You should be able to eat whatever you want if you have insulin-dependent diabetes. Even so, some food makes blood glucose more difficult to control. This is especially the case over Christmas, when we’re flooded with all manner of sweet and carb-heavy culinary pleasures.
We don’t want you to miss out on Christmas grub; try these 3 recipes that won’t send your blood glucose skyrocketing.
Oats are brilliant for diet control: they have a low glycemic index (GI) level, are fibrous – leaving you feeling fuller – and are heart-healthy. To make flapjacks, the oats can be combined with honey, which will substitute much of the granulated sugar, since it has a lower GI level than sugar. Finally, fruits, nuts, and spices allow for the taste of Christmas.
200g honey (or 400g if you want to try the flapjacks without any granulated sugar)
55g walnuts (chopped)
55g almonds (ground)
1 tsp mixed spice/pumpkin spice
½ tsp nutmeg
½ tsp cinnamon
- Preheat the oven to 350 F/180 C/Gas 4.
- Prepare a cake tin or baking tray by lining it with greased baking paper.
- In a saucepan, melt the butter, honey, and sugar over a medium heat. Stir to avoid burning.
- In a separate bowl, mix the remaining ingredients together.
- Thoroughly mix in the melted butter, honey, and sugar.
- Place the whole mixture into the cake tin and level it.
- Bake for around 20 minutes.
- Cut into squares or whatever shape you want!
Scandinavian Potato Salad with Fish
Since Hedia was founded in Denmark, this recipe has a Scandinavian twist. Potato salad is popular on many occasions in Scandinavia, and herring and salmon is a favourite Christmas food.
Try this potato salad with soused herring if you can get your hands on it – or smoked salmon if you’d prefer a simpler, less sugary option. Cold potato (rather than warm potato), has the benefit of a lower GI level, while fatty fish is beneficial for heart health and a great source of protein.
1 dl walnuts
About 10 radishes
2 red onions
1 head of arugula/rocket
1 tbsp french mustard
1 tbsp olive oil
600g smoked salmon or 200g tin soused herring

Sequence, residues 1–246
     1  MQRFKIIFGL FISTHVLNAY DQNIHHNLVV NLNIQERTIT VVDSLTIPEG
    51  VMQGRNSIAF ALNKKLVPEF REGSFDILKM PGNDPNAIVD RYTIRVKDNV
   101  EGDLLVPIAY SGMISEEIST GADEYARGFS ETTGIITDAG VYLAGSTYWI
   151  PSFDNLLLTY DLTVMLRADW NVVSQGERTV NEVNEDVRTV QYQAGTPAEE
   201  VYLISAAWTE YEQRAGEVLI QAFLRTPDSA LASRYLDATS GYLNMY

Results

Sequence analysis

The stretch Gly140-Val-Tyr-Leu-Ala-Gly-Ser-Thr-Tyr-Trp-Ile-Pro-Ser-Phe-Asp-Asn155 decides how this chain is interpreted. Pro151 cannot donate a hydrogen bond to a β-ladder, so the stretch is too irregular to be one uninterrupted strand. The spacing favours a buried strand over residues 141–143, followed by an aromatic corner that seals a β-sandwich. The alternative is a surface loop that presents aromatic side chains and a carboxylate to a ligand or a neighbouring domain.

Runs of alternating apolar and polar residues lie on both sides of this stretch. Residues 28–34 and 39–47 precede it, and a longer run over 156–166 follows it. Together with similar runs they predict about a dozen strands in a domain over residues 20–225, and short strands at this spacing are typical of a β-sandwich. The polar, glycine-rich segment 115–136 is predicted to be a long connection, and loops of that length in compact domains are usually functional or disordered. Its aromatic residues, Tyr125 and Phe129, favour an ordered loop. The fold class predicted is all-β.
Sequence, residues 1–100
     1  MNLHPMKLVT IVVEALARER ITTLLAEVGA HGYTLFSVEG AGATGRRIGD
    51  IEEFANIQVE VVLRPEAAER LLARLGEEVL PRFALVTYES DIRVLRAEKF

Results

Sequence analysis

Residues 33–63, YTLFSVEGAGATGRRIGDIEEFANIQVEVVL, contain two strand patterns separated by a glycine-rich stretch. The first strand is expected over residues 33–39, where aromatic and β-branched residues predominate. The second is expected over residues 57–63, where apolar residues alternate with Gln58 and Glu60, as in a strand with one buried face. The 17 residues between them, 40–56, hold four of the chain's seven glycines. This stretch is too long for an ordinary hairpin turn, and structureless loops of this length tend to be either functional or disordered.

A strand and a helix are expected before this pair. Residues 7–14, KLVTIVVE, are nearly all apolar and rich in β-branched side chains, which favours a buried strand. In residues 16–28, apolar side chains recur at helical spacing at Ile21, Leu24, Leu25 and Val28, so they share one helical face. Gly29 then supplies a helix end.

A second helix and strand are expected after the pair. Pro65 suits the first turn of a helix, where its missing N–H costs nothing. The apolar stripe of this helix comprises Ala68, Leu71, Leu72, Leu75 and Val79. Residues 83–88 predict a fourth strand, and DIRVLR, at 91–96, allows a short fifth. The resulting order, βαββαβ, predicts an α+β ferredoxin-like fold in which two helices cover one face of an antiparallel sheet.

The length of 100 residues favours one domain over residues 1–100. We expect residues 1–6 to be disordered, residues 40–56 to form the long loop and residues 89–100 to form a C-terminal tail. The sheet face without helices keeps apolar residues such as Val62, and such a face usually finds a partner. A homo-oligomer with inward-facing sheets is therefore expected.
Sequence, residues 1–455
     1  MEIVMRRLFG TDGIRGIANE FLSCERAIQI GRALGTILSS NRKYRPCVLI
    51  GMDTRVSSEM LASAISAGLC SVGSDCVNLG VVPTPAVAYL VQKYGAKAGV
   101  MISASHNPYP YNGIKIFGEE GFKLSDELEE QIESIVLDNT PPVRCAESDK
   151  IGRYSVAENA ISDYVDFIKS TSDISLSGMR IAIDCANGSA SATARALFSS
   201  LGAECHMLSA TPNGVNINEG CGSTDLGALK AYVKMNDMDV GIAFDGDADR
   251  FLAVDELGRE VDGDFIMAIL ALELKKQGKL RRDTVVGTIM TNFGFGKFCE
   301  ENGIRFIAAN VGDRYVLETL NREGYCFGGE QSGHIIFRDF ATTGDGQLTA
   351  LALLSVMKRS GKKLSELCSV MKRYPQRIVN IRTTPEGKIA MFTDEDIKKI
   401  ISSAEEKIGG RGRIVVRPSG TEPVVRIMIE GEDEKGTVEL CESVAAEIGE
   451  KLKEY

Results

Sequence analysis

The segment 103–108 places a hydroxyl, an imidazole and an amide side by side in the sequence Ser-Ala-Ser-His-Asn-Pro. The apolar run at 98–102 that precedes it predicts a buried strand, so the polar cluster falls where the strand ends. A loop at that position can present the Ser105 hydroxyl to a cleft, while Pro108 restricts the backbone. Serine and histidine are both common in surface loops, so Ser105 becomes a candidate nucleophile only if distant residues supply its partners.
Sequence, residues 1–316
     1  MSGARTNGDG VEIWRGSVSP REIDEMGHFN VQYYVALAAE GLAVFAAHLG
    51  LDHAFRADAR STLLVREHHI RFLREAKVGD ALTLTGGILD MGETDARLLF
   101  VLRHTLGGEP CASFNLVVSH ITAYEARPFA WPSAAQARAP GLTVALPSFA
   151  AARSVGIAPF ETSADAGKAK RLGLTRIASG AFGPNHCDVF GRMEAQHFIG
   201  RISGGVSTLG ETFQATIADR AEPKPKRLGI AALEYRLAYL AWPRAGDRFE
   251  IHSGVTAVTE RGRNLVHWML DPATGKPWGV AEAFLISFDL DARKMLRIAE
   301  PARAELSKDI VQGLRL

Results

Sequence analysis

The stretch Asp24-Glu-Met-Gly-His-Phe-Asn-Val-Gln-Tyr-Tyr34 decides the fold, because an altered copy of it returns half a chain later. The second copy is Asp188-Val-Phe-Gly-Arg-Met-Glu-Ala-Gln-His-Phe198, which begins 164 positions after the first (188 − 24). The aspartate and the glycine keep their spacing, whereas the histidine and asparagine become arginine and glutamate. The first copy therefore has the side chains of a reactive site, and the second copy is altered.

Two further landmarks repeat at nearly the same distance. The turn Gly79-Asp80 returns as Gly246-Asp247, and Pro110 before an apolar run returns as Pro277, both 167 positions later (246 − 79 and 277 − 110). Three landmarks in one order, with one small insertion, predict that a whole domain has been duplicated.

A few slices of bread
The following can be added if using the herring:
1dl creme fraiche
2 tbsp finely chopped dill
2 hard boiled eggs
- Cut the potatoes into quarters and cook in boiling water for about 20 minutes.
- Mix the vinegar, mustard, and oil in a bowl.
- Cut the radishes and onion into thin slices, chop the arugula, and crush the walnuts.
- When the potatoes are finished cooking, let them cool. Dice the cold potatoes.
- Mix in the potatoes, radishes, onions, arugula, and walnuts to the mixture in the bowl.
- If using salmon, let the mixture sit for a while and then serve together with the smoked salmon on a slice of bread – in Scandinavia we like it with crispbread (knækbrød).
- If using herring instead, place the herring in a bowl with sliced egg. Stir together.
- Add the herring and egg to the previous mixture, combined with the mayonnaise, creme fraiche, and dill.
- Serve with bread.
The classic Christmastime vegetable. Maybe you hated them as a child, but sprouts are highly nutritious – and delicious too, if cooked in the right way. Brussels sprouts are high in fibre, which is good for blood glucose, along with other benefits such as healthy fatty acids and vitamin K. Try this simple recipe to include the sprouts in your Christmas meal.
45g brussels sprouts
2 tbsp olive oil
Salt and pepper (amount depending on your preference)
- Preheat the oven to 400 F/200 C/Gas 6.
Prepare a baking tray by lining it with baking paper and coating it with oil.
- Cut the sprouts into quarters.
- Place brussels sprouts in the tray, making sure they also have some oil on them. Add salt and pepper as you see fit.
- Roast for about 20 minutes – until they get as crispy as you want them to.
Enjoy Christmas food like anyone else…
… and don’t let your blood glucose send you on a roller coaster ride – the true roller coaster ride is trying to find enough chairs for the Christmas meal and eventually perching on a rickety wooden stool!
To avoid a whole other kind of roller coaster ride during the holiday season – with all that mulled wine and New Year’s drinking – see our advice for diabetes and alcohol.
And if you want some more technical advice on how to avoid those after-meal spikes, have a look at Blood Sugar after Eating – How to Mange it Better.
Let Hedia to assist you in your Christmas cooking by using the food database. It helps control what you take in and suggests an insulin dosage accordingly. Download the app on Google Play or the App Store here.